Identifying risk factors associated with infection in patients with chronic leg ulcers

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Abstract

Leg ulcers are hard to heal. Infection causes delayed healing, negatively impacting patients’ quality of life, the healthcare system, and society. Early recognition of patients at high risk of infection is essential to prevent complications and reduce negative impacts. However, at present, factors associated with infection in this population are not yet clearly understood.

The study aimed to identify factors that were significantly associated with infection in chronic leg ulcers. A sample of 561 patients with chronic leg ulcers, who were previously recruited at outpatient clinics and community settings within Australia between 2008 and 2015, were selected for the current analysis. The prevalence of infection in the sample at study recruitment was 7.8%.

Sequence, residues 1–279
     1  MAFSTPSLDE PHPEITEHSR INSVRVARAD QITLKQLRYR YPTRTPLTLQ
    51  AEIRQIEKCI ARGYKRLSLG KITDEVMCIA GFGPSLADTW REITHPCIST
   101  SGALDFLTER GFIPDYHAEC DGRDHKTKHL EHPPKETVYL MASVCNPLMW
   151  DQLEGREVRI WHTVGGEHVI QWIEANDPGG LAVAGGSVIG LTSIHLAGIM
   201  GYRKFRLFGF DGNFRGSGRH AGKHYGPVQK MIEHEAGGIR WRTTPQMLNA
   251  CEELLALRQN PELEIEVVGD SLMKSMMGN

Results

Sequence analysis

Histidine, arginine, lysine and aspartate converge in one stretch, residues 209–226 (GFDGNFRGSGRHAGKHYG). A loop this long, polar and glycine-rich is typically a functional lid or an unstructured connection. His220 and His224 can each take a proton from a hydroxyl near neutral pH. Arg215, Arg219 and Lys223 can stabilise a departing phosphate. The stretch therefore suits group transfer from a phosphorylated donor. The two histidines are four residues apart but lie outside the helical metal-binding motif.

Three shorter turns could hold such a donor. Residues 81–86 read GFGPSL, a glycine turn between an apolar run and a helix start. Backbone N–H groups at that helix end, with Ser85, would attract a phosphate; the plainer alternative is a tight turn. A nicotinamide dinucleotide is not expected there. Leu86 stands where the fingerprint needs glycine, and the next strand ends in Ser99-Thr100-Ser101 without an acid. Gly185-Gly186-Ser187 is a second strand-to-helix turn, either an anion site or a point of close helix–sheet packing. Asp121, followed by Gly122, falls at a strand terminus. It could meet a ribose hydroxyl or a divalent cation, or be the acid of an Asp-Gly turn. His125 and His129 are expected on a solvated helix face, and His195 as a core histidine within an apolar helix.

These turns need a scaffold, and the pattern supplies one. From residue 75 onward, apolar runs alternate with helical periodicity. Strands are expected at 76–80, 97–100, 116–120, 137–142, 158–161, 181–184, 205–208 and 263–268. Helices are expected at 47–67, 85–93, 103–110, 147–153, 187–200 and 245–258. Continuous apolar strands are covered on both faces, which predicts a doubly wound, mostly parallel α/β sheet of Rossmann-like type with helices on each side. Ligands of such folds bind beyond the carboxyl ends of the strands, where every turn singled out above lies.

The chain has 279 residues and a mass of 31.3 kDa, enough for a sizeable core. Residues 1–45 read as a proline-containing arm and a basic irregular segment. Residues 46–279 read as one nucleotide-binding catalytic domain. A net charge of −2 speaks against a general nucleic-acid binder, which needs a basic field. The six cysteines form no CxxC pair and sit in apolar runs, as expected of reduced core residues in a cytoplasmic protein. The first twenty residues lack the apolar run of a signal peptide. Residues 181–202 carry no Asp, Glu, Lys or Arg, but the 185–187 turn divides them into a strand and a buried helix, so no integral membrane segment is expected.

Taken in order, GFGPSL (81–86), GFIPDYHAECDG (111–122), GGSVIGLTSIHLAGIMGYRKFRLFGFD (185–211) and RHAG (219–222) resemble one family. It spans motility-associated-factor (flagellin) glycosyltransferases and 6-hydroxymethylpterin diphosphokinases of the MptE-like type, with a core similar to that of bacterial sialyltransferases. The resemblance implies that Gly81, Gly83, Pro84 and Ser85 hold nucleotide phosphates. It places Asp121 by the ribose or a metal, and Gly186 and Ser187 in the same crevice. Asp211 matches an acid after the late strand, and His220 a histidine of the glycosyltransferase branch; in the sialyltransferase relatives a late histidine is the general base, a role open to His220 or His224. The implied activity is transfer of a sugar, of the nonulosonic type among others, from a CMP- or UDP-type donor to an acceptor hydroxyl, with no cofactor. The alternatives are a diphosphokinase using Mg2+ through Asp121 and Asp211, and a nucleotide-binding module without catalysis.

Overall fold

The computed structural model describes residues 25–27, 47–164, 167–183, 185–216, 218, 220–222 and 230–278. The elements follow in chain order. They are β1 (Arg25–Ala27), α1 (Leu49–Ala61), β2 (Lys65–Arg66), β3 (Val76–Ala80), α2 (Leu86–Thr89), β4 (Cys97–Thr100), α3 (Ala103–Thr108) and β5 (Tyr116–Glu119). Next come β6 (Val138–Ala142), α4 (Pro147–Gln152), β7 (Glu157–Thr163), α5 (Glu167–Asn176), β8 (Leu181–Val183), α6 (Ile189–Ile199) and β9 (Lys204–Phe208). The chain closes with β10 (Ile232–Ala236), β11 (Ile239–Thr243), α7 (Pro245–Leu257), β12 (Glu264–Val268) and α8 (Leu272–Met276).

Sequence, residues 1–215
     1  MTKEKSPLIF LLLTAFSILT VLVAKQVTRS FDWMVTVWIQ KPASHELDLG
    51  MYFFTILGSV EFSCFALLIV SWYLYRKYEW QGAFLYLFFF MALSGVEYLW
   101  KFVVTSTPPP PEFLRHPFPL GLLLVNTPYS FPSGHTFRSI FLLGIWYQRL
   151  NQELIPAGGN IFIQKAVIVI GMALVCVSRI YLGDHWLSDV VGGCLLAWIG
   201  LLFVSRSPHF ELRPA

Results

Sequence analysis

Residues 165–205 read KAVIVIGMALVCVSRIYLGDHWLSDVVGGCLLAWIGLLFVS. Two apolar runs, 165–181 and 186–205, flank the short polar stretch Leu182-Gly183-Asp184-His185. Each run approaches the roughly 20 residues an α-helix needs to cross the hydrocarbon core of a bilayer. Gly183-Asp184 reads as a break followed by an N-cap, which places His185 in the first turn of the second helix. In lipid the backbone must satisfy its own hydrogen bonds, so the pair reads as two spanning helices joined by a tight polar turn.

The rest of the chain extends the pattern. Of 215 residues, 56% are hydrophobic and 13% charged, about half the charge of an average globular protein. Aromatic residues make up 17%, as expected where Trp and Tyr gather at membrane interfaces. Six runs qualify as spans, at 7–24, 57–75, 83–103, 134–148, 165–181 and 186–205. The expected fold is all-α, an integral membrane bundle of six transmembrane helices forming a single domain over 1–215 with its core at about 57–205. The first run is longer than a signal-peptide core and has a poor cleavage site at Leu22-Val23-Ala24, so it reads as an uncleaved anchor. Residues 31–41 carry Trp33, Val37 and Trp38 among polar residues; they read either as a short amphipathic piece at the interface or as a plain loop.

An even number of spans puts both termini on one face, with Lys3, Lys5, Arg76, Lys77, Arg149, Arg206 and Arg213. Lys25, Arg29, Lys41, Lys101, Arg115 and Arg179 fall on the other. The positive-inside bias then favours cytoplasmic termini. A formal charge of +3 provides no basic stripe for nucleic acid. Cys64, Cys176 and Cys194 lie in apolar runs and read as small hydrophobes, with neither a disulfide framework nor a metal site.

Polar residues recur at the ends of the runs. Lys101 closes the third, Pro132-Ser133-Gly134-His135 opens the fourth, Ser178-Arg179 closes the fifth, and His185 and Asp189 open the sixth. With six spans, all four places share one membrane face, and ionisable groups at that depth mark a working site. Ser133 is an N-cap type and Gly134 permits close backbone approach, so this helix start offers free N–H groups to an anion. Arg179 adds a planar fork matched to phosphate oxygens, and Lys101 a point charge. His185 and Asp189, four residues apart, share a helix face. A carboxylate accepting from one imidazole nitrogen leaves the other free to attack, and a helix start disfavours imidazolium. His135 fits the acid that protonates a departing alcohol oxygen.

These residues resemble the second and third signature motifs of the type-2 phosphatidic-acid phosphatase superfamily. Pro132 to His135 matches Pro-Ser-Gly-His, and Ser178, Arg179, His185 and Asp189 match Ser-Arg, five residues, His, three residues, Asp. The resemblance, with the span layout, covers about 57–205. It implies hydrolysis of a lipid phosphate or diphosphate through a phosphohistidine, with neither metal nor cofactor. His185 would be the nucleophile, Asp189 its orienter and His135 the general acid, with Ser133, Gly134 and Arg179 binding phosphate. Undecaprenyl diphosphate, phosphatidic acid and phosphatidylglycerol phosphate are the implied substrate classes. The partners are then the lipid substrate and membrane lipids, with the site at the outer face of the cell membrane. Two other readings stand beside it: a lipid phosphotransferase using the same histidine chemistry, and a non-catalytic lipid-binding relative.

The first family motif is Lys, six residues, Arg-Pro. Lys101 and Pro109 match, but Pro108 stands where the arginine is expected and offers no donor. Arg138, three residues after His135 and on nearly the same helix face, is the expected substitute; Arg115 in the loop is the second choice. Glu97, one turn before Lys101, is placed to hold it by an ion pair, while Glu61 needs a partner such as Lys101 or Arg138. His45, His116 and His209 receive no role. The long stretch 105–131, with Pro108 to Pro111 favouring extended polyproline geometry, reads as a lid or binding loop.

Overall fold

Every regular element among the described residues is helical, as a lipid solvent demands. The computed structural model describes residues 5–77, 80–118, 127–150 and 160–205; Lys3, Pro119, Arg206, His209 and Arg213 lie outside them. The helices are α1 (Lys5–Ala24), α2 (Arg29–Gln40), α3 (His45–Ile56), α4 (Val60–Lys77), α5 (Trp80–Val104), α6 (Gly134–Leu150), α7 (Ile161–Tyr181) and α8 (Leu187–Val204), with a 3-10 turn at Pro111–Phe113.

A multivariate logistic regression model was used to identify factors associated with infection. The study identified 7 factors that were significantly independently associated with infection, including depression, chronic pulmonary disease, anti-coagulant use, calf ankle circumference ratio < 1.3, ulcer area ≥ 10 cm2, slough in the wound bed tissue, and ulcers with heavy exudate.

These findings could assist clinicians in the early recognition of patients at risk of infection and individualise treatment for these patients, thereby promoting wound healing.

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